Runners had the option of signing up for the shuttle at the time they registered for the race or signing up at the expo. Runners also had the option of purchasing extra shuttle tickets for family/friends. I'm glad I went ahead and signed up for the shuttle when I registered, because by the time the expo rolled around, all of the shuttle spots had been claimed.

Once they allowed us to start boarding the shuttles, I ran into a friend who had also done the Magnificent Mile Women's Half Marathon and trained for it with Chicago Endurance Sports. We chatted about the race, CES, and what our goals for the day as the shuttle took us down to the race site in Jackson Park.

There was just one problem, our shuttle driver didn't actually know how to get to the drop off point. He had directions, but the directions didn't take into account the various street closures that had already started in anticipation of the race. We drove in circles for a while, but we still had plenty of time, so no one was too worried. We finally made it to the drop off point only a little bit behind schedule.

It was still dark out, but there were already a good number of people ready and waiting for the announcement that corrals were open.

It was still pretty much night time. They had several spot lights set up to provide some light for all the sleepy runners.
I made my way over to the CES tent to say hello to some of the folks I knew who were also going to be running that morning. I also wanted to check out the pacer information, as I planned to runner with one of the official pace groups to make sure that I had a shot of reaching my goal time.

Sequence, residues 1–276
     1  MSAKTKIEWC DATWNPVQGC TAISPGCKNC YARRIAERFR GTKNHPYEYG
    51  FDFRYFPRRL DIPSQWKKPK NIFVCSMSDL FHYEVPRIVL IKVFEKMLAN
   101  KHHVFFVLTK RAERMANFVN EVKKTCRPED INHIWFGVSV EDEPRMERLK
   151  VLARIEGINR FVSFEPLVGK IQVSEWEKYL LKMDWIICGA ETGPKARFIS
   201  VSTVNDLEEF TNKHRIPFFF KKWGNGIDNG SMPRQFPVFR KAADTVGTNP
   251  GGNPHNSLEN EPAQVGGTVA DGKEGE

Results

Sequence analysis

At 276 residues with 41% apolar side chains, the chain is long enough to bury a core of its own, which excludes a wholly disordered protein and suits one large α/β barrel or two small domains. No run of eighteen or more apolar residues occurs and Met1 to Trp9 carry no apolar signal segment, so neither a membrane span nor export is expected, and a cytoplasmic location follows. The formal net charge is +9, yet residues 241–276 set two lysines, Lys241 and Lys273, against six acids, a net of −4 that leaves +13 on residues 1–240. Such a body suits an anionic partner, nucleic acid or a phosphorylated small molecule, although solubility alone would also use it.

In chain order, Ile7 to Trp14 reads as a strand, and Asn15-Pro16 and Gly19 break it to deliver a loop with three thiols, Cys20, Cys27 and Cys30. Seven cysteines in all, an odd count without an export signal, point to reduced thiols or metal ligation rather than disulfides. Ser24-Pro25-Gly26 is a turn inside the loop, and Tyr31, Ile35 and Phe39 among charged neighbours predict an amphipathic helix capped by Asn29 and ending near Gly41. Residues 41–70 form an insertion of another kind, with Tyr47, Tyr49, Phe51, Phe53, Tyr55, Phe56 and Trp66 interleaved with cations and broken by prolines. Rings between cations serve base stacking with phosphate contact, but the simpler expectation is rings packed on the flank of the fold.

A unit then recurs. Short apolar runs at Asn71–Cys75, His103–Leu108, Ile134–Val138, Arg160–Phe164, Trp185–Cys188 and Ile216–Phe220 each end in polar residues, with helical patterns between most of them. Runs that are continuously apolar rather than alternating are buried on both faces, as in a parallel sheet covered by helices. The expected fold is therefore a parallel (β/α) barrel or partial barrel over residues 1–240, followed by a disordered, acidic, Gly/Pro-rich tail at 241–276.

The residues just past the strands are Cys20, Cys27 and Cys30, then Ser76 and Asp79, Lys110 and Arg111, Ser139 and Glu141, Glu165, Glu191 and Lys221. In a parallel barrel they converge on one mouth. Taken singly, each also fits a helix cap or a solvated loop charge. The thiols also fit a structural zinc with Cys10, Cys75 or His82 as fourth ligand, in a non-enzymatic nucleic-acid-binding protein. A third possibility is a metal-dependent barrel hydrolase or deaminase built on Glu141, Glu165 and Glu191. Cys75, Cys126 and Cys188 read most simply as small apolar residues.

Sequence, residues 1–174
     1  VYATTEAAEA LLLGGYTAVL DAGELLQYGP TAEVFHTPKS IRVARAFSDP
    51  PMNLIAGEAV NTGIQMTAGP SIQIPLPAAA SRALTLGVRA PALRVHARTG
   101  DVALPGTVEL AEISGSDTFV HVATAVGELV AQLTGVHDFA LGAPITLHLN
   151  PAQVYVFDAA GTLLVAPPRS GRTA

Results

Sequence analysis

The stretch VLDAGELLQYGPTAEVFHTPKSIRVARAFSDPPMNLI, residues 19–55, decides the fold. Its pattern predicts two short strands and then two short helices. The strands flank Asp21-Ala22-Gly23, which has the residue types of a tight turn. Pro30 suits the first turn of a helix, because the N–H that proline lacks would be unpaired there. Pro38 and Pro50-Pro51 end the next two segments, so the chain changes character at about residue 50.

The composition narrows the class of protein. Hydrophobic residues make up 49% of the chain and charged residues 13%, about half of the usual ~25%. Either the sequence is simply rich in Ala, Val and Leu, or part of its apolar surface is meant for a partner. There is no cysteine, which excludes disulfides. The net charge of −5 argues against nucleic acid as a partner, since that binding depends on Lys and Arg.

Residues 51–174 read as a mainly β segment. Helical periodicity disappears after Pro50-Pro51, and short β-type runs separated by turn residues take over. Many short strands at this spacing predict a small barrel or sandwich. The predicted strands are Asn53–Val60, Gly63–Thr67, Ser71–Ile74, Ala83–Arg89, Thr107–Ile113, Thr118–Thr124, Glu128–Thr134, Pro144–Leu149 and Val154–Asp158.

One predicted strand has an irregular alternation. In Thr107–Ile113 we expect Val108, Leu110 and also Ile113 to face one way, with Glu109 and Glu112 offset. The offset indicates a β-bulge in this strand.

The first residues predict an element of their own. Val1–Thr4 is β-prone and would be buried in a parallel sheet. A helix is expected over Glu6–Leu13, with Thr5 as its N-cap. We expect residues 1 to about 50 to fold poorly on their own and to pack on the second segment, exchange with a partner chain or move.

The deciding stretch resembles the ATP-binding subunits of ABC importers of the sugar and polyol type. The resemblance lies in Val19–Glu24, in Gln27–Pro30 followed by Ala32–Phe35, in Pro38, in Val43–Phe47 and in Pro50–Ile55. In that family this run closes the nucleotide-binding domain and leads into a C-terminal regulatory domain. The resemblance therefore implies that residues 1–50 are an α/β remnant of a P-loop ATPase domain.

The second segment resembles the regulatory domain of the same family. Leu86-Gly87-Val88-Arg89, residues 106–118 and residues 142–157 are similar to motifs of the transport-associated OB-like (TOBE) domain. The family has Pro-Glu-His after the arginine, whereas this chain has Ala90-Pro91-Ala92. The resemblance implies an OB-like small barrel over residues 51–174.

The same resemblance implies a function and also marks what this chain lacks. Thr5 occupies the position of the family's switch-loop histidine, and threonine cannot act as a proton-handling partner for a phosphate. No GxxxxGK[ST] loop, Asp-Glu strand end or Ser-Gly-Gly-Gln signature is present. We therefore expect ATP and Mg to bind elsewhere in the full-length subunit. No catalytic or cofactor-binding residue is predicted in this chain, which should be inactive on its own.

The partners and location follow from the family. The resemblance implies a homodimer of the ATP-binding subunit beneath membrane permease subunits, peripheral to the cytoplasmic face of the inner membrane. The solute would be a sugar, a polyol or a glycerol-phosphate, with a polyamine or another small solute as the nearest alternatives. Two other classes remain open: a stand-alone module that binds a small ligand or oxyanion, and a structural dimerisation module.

I'm really glad I stopped by, as they said that as a CES Alum, I was welcome to use their gear check and hang out with the other CES folks before and after the race (there were several people I knew from my spring and summer training). I got to chatting with some of the other ladies who had trained out of Lincoln Square this summer, and it was like a mini reunion.

Love my CES family!
I was anxious to get going, so I distracted myself with breakfast (a banana and half a bagel with almond butter). I also applied a couple of layers of sunscreen, applied my CES temporary tattoo, threw my bag with the other CES gear in their gear check area (a very nice perk, allowing me to avoid the regular gear check lines after the race), and made my way to the already long lines at the port-o-potties.

While waiting in line to pee, the sun started to rise and they made the announcement that corrals were open. There was a strict closing time of 6:45am, and anyone not in their assigned corral by that time would not be allowed to run the half marathon and would have to switch the 5k. I wasn't about to let that happen, so I headed to my corral as soon as I could.